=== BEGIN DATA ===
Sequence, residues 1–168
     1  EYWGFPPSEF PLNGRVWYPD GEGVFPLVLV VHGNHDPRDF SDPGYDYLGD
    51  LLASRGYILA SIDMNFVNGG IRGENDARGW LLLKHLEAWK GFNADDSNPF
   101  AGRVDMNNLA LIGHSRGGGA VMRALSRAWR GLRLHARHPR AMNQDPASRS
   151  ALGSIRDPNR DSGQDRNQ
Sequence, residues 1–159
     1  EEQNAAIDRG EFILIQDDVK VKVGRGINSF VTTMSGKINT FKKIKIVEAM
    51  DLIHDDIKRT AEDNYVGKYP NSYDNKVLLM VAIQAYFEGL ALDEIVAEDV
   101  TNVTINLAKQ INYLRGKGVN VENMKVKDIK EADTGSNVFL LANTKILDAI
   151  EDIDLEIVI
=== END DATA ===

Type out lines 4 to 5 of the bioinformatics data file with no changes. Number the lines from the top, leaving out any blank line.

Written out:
   101  AGRVDMNNLA LIGHSRGGGA VMRALSRAWR GLRLHARHPR AMNQDPASRS
   151  ALGSIRDPNR DSGQDRNQ